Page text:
Many photographers carry only one lens with them at all times because the Nikon 18-200mm VR II is such a versatile piece of equipment that it can be used for anything from wide-angle images to close-ups. This lens has a solid construction that is designed to last and produces photos that are crisp throughout its whole range. It also offers a zoom range that is similar to 27-30mm on a 35mm camera and has vibration reduction. The fact that the 18-200mm VR II lens does not quite have the reach necessary for some kinds of telephoto photography is the lens’s most significant drawback. Photographers who specialize in wildlife, for instance, frequently make use of the additional 100 millimeters of focal length that a lens such as the 18-300mm below has to offer. The 18-200mm lens, on the other hand, is an excellent option that can be used for both traveling and functioning as an all-in-one walk-around lens. Its pricing is also very reasonable.
We have been holding our breath in anticipation of the debut of a cheap Nikon wide-angle zoom that might compete with Canon’s 10-18mm f/4.5-5.6, but to this day, there has been no such product. In light of this, Nikon’s 10-24mm f/3.5-4.5 is considered to be the company’s greatest wide-angle lens for the DX format. Not only is it broader and sharper than any other lens of its kind, but it also performs very well when photographing landscapes and buildings. You may anticipate considerable distortion at the broad end of the zoom range, since this is the case with practically all wide-angle zoom lenses, and the low-light performance of these lenses is not as excellent as that of prime lenses. The zoom range, which is similar to 15-36mm on a 35mm camera and covers practically all of the relevant focal lengths from ultra-wide to a regular field of vision, is one of our favorite features of the camera, though.
The Nikon D5300 is a high-quality DSLR, and while you shouldn’t make too many concessions when it comes to the quality of your lenses, not everyone is a wide-angle photographer who has more than $800 to spend on equipment designed expressly for that reason. The Sigma 10-20mm f/4-5.6 is the best option available for individuals on a tight budget who are looking for an affordable wide-angle lens to use in conjunction with the Nikon D5300. You get a practical focal length range similar to 15-30mm and superb optical performance all around for the inexpensive price of $479. Why is the Nikon alternative cited above for a 10-20mm lens so much more expensive than the Sigma choice? The maximum aperture range of f/4-5.6 is usable but not ideal, and the Sigma has a greater softness in the corners of the frame than the other camera. In addition, while being made of plastic, the lens has a weight of almost 18 ounces.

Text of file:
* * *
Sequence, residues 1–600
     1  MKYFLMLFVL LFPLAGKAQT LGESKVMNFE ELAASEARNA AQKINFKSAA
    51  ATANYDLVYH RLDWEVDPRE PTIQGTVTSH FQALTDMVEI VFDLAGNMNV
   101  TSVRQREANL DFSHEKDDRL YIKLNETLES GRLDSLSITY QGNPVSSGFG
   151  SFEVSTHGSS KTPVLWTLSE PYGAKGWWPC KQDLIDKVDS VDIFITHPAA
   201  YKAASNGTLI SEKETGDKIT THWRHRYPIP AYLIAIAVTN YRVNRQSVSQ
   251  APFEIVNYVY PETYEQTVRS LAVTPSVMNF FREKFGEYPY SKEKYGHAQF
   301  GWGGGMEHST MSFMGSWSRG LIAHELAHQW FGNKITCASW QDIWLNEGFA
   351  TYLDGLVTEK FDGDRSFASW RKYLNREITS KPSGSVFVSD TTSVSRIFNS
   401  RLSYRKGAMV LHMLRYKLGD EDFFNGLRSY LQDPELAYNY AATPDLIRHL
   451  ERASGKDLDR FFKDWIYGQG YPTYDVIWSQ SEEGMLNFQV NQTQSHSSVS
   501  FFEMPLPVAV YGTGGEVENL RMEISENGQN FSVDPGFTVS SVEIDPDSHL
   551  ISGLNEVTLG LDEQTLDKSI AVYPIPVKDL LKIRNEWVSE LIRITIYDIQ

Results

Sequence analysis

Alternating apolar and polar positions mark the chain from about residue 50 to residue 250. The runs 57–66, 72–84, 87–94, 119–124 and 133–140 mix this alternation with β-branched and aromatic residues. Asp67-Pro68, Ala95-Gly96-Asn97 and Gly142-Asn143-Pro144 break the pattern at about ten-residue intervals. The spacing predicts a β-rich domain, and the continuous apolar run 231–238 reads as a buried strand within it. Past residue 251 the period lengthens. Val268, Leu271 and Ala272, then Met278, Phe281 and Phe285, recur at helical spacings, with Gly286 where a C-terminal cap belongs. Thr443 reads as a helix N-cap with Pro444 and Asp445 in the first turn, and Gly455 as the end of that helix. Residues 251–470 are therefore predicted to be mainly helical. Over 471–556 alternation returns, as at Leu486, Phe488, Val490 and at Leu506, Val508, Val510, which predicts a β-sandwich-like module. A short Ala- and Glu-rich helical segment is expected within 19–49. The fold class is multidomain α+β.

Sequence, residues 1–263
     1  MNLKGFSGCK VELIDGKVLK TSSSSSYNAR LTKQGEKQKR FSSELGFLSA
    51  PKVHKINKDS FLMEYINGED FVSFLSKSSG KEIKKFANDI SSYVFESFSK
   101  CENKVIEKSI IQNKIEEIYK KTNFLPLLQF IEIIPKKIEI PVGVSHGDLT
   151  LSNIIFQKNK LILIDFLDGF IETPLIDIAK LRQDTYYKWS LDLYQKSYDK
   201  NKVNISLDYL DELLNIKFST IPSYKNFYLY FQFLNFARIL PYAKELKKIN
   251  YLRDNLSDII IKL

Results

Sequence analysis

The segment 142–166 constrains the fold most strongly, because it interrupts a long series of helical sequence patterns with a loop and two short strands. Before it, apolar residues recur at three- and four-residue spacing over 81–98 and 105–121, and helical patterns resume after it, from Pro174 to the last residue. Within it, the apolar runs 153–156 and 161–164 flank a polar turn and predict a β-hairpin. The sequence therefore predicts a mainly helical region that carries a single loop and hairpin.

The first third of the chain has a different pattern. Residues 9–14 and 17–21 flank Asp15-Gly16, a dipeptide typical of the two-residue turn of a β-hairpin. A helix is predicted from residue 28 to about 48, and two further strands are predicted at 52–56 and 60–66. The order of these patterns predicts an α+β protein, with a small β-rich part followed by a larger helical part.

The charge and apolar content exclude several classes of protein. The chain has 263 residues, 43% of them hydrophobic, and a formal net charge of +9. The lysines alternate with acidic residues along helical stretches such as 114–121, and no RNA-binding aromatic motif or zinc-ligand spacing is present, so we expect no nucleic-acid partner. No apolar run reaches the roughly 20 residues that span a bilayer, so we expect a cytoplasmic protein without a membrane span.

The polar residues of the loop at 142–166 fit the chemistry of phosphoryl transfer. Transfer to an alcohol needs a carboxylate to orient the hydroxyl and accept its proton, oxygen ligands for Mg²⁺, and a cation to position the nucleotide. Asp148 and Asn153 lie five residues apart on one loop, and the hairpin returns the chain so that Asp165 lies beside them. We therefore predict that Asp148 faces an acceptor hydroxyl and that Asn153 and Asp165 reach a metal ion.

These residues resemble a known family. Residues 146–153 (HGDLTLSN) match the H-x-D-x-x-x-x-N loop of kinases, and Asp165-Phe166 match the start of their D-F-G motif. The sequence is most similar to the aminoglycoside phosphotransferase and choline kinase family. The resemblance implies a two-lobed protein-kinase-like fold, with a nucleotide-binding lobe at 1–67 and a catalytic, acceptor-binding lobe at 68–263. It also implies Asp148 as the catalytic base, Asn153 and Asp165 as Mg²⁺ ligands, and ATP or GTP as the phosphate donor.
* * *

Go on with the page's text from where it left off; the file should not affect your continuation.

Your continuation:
If you are going to be using the Nikon D5300 for portrait photography, there are very few reasons why you shouldn’t bring along the Nikon 35mm f/1.8 lens. It is one of the greatest lenses in Nikon’s DX series since it is crisp, it works exceptionally well in low light, and it is relatively affordable. You won’t be able to find a prime lens that is better for travel, portraiture, or shooting everyday life. The Nikon 35mm f/1.8 lens, with the exception of its metal mount, has a plastic build that won’t last forever (although considering the price, this isn’t a very significant risk). This is one of the lens’ weaknesses. It is important to keep in mind that the focal length of this lens when mounted on the D5300 is 52.5mm on a 35mm camera. This results in a field of vision that is not wide-angle but rather conventional.